c. injuries


2. The players are bigger/faster/stronger now than when we went from 14-16. The hits are much harder and the physical demands of the game are much higher than they they were then. As an example, I lift weights and have bulked up now to about 230 pounds. Even though I have more size and muscle to lift heavier now, the toll of the workouts at my new weight exceed the toll at 200 pounds, even on a "pound for pound" basis.

16 games hit the sweet spot because it has been in place for 30 years.

It won't jump from 18 to 20 games for another 30 years.

Teams have moved, new teams have been added and we always hear the same thing..."It will ruin the game"

There is no such thing as too much football.

That's true for you. For the guys who are getting beat up weak in and weak out, there is definitely too much football. No matter how you slice it there's a trade off. You want more games? You are going to have to live with lower quality play. You are going to have to live with shorter careers. You are going to have to live with watered down meaning to the games.

The cause and effect of the games and sweet spot you have reversed. 16 games has been in place for 30 years BECAUSE it's the sweet spot. The owners aren't convinced that it's the sweet spot profit-wise. But it is the sweet spot for the 3 categories I gave.

Players get hurt on one play... it's not like 2 games magically increases the injuries. There is no way to tally up injuries based on games played. Lefty went down in preseason, Dixon went out on a play with no contact.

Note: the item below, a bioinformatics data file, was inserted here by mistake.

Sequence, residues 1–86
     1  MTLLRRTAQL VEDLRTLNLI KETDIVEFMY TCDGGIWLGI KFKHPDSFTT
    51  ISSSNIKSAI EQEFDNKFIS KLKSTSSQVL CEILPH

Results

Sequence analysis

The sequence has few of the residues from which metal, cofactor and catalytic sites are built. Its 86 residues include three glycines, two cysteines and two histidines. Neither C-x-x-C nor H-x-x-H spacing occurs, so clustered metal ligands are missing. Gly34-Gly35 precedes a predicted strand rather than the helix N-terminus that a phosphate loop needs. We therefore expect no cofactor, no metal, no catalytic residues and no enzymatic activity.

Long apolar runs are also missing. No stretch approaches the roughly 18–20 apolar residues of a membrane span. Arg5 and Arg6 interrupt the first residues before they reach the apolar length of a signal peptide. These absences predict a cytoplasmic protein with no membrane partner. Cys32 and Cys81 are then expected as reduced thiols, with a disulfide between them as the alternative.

Using the injury theory is pure comedy in a game this violent.

look at college.. they added 1 more game a few years ago.. did the quality go down? Are kids shaking in wheelchairs due to the +1?

16 wasn't the sweet spot. It was just a number....

feltdizz
09-30-2010, 12:30 PM
See how fast the players themselves stop caring abouth their feeling and well being when dollars arer waved in front of them.
Oh yes, because

A) One player speaks for the entire league - even though that player still said they don't like the idea.
B) A player who suffers a severe, life-long injury won't care as long as he has a bigger paycheck.

Tell me, what's the weather like in Oviedo-land? :lol:

:wft are you talking about. Money talks and if the price is right the players (union) will agree to it.

A player who suffers a life long injury now isn't waving his fist at the 16 game schedule.

Vindrow
09-30-2010, 01:41 PM
Each game will be devalued in the overall standings; part of the allure of the NFL season is that each game is vital to a teams success or failure and thus provides for an intense battle.

Pappy

This is my biggest concern as well.
Also, a longer schedule will take a bigger toll on the players' bodies. This could lead to either a higher rate of injury, or the league will crack down on hard hits even more, thus reducing the intensity of the game.

Or both.

This is just more proof that the higher-ups care more about money than the feelings and wellbeing of the players.